Caz: When I read Roseanna M. White’s A Lady Unrivaled one of the things that didn’t work for me was the way in which both hero and heroine, at various points in the book, seemed to be depending on God rather than their own agency to help them to sort out a problem.  Of course, someone can ask for guidance, but this was more than that, and I felt that the characters – especially the hero – were weakened as a result.  Pray for strength, wisdom or whatever, but then get out there and DO.

Maggie: It sounds like we can all agree that sermonizing is the big “don’t” in Inspirational fiction. One of the big “dos” for me and what often draws me to these books is rich settings and superb historical detail. Elizabeth Camden is the queen of this in my opinion when it comes to Inspirational fiction. Her books always discuss historical issues that are as fascinating as the love story. With Every Breath and Beyond All Dreams are my favorites, but really I’ve liked almost everything by her. Deeanne Gist, whom Caz mentioned, is another who writes fantastic historical details and settings. Siri Mitchell does a fabulous job with this as well.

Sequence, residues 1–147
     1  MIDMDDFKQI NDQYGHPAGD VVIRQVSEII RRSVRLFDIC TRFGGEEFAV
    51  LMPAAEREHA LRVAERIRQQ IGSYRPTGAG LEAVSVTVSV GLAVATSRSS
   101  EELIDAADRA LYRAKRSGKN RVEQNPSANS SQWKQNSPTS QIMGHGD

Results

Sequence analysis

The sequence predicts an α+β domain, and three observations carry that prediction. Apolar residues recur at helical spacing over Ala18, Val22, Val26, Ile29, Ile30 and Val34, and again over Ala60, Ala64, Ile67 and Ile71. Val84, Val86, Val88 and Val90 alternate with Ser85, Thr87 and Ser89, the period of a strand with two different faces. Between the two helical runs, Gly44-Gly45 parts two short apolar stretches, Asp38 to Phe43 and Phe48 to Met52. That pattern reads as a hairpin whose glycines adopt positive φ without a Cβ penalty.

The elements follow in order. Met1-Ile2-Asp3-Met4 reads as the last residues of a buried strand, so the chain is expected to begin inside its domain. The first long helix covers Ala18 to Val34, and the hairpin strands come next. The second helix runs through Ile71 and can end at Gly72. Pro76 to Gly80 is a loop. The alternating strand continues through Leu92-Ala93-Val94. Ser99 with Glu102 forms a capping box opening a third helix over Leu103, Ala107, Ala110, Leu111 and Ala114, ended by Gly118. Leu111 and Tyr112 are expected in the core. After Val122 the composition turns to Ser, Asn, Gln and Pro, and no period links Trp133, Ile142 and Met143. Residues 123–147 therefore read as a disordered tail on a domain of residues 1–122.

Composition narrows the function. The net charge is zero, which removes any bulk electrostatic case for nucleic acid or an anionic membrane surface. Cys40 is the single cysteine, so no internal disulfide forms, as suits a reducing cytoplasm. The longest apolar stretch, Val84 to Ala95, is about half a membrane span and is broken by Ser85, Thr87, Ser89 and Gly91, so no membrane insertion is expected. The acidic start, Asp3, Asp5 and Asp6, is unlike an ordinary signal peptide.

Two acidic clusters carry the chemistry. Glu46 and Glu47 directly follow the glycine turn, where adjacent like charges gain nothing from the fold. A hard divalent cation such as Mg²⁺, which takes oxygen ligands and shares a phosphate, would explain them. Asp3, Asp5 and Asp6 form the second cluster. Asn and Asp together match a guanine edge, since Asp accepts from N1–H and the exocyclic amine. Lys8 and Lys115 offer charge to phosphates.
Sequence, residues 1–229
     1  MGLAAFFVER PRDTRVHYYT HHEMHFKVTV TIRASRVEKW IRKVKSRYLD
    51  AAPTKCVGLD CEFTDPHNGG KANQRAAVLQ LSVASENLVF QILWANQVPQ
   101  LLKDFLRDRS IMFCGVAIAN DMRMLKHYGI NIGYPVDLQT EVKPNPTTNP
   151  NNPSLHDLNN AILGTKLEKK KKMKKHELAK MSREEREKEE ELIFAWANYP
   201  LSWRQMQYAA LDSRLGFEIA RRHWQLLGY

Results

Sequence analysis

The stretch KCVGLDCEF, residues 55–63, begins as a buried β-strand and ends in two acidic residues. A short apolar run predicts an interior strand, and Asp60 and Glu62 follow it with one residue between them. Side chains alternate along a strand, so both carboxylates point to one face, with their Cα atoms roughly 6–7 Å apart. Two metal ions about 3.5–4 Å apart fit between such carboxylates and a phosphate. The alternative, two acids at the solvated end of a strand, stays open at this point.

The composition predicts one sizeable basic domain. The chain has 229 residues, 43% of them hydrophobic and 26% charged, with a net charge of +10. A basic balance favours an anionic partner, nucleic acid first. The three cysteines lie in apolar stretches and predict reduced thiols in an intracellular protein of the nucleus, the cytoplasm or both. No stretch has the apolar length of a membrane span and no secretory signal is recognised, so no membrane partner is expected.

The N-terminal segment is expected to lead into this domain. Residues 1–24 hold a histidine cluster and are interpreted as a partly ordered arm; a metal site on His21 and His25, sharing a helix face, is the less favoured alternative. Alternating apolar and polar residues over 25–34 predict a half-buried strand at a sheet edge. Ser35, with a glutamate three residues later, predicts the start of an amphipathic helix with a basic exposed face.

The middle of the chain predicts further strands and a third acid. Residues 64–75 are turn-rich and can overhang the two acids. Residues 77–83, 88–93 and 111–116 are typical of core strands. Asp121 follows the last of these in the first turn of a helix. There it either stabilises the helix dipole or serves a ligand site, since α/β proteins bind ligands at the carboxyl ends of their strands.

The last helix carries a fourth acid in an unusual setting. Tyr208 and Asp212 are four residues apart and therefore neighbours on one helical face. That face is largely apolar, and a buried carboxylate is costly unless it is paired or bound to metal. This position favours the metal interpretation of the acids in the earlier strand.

What are your “dos” for Inspirational books?

Caz: Put the story and characterization first.  If the setting is believable and the characters are well-drawn so that their faith is an intrinsic part of their lives, then the book is likely to hold my attention.  And that goes the same for any book.  Ultimately, it shouldn’t matter what religion is espoused by the characters – the story is the story is the story, and if those characters are believable and their beliefs are fully integrated into their lives and personalities, then readers will no doubt enjoy the book.  But the minute someone starts preaching at me, regardless of their agenda, then I’m out.